They were about to set off when Queen Amidala appeared from the corner by the pizza store, clutching her robes out of the way as she ran toward them. "Mike!" she cried, "Mike Cuthbertson!"

"Yeah?" Mike called back.

"Your sister's in trouble!"

When she arrived before, huffing and puffing, Mike recognized the harried royal as Sarah Bleeton, who was in his grade at school. Mike thought she was pretty so he focused on her wig instead of her face as he asked, "What do you mean? How did you know she ditched us?"

"Some kids took her, Mike!" gasped Sarah, leaning against the merry-go-round as she fought to regain her breath. "Paramjit says he saw them put her in the Barrington House and then nail the door closed with her inside!"

Mike felt dizzy. The Barrington House!

"Who would do that?"

Sarah shook her head, her ornamental wig canting dangerously. "I don't know, I don't know. What should we do? Should we go get your parents?"

Mike bit his lip pensively. "I think we'd better go get her out of there right away," he decided, his stomach turning over queasily. "She's got to be scared out of her mind. Let's go. Come on, India!"

Queen Amidala, Neo and a candy-eating eukaryotic cell ran along Western, turned up Sir John A. Macdonald, and made a beeline for Barrington Road. At the top of the hill they arrived winded to find a small crowd of kids clustered in front of the looming shadow of the famous house: Dr. Evil, Freddy Krueger, two Pikachus and three Agent Smiths. One of the agents held up his hand. "You don't wanna go near there," he pronounced carefully.

"You give me that juris-my-diction crap, you can cram it up your a," grumbled Mike, pushing past the gawkers.

"Merrick's there and he said he's going to kick anyone's ass who tries to get in the way," warned Freddy Krueger.

Sarah hesitated, putting her hand on Mike's shoulder. "I've got a bad feeling about this."

"Somebody's got to do something," he declared, brushing off her hand and marching on. "Watch India, will you?"

Mike slipped inside the rusted gates and up the overgrown walkway to the shadowed verandah. He stopped at its edge, hovering by the bushes. Wearing a long black cloak Merrick Inderwater was sitting on the railing. Standing around him was an Imperial Stormtrooper, a Borg and Cruella DeVille. "How long are we going to leave her in there?" Merrick was asking.

"All night," said Cruella. "Somebody can bust her out in the morning for all I care."

Mike recognized the voice of Dini Butler. The next one to speak was Arnold Drober, dressed as the stormtrooper. He said, "What if she gets hurt or something?"

"What, like crapping her pants or something?"

"I don't know Dini, I'm just worried that --"

"You're always worried, Arnold. There's nothing in there but old furniture. Forget about it. Let's get out of here."

From inside the ancient house came the distinct sound of Bianca screaming, suddenly and briefly. The kids on the porch all exchanged looks. "What was that?" breathed Arnold.

"She probably just found a mirror," guessed Dini. "Come on."

She led her crew off the verandah and down the path, very close to Mike who held his breath and kept perfectly still. The shadows passed him by, though there was one straggler; the stormtrooper lingered, looking up at the derelict mansion. He took off his helmet and peered at the upper storey, his brow furrowed.

"Dini," he whispered. Then louder, "Dini!"

"What is it now?" called Dini from the end of the walkway.

"I think..." he swallowed loudly, still staring. "I think I just saw somebody in there. Upstairs. Somebody's in there with her."

Merrick swore under his breath. "You're imagining things, you dork. Let's go."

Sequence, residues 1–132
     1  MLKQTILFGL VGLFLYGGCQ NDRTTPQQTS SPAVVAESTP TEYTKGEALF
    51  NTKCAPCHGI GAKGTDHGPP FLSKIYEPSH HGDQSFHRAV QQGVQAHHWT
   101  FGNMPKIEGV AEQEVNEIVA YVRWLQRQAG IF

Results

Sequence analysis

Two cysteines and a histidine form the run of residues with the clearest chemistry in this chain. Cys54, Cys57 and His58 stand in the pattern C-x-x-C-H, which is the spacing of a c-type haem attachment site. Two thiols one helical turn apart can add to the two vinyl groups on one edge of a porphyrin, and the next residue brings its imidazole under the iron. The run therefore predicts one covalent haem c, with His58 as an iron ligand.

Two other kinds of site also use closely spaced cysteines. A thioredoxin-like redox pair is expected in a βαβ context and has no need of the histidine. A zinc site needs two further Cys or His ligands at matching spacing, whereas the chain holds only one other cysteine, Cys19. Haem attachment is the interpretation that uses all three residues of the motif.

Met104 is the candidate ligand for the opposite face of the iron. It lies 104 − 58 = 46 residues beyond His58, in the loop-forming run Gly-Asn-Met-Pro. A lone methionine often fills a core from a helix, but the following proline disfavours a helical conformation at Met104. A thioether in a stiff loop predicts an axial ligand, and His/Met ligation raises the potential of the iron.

Reluctantly, Arnold turned away from the Barrington House and replaced his helmet as he jogged to catch up with his co-conspirators. Mike waited for a count of a few seconds and then emerged from the bushes, hovering at the steps up to the verandah, eyes locked on the mouth-like front doors of the house, criss-crossed by two-by-fours nailed crudely into place.

He gulped, and then gasped as the bushes beside him rustled. Then he heard the distinct sloshing of India's cytoplasm, little plastic mitochrondria knocking against the insides of her inner-tube. "India?"

"Where's Bianca?" she asked.

Sarah appeared next, her royal gown covered in burs and thistles. "India!"

"I just heard Bianca scream," said Mike, his mouth dry. "And Arnold Drober said he saw somebody in the window upstairs."

"There couldn't really be anyone living in there, could there?" asked Sarah quietly. "I mean, not really."

Mike frowned. "I don't know."

"What are you going to do?"

He chewed his lip nervously for a moment, then nodded to himself as he came to the inevitable conclusion. "I have to go in after her," he said.

"No, Mike!"

He sighed grimly. "Holy crap I'm scared," he admitted.

"I should run back and get your parents."

"No," he said firmly. "You stay with India. I've got to go in."

"You can't, Mike! What if there really is someone in there? It's way too spooky."

"If we're scared out here, imagine how Bianca feels," he said.

Sarah let out a long breath, and then pressed her pumpkin-shaped flashlight into Mike's hand. "Oh my gosh I can't believe you're going to go in."

"Yeah," agreed Mike, his voice cracking. "Me neither."

With that he climbed the creaking steps up to the verandah, walked along until he found a boarded up window, and then pulled on the weathered plywood until it split along a nail and revealed a hole just big enough to squeeze himself through.

As Sarah and India strained to see him in the gloom, Mike hauled himself up and disappeared into the hole.


Moksha Gren said...

Good job of finishing up the chapter. It wasn't as late as I thought it would be.

This was definitely fun. The dialogue was believable and the story is engaging. I'm actually enjoying the mix of serious and camp. You've got real suspense with characters we care about...but everyone is in silly costumes. I like the duality.

And yeah, I liked that the kids wanted to be rebelious but failed...until Satan showed up with the goods.

Oh, and "Go Mike!"

Mark said...

Mike's such a good brother.

It's very interesting to see his siblings from a different angle (versus "Night Flight Mike.")

Anonymous said...

Hurrah! Though you missed an opportunity to use "Aren't you a little short to be a stormtrooper?" or would that have been a quote too far?

Eric said...

When Mike went through the hole in the house, I couldn't help but feel like I was one of those people who yell at the screen while watching a slasher flick. "DON'T GO INTO THE HOUSE, MIKE!"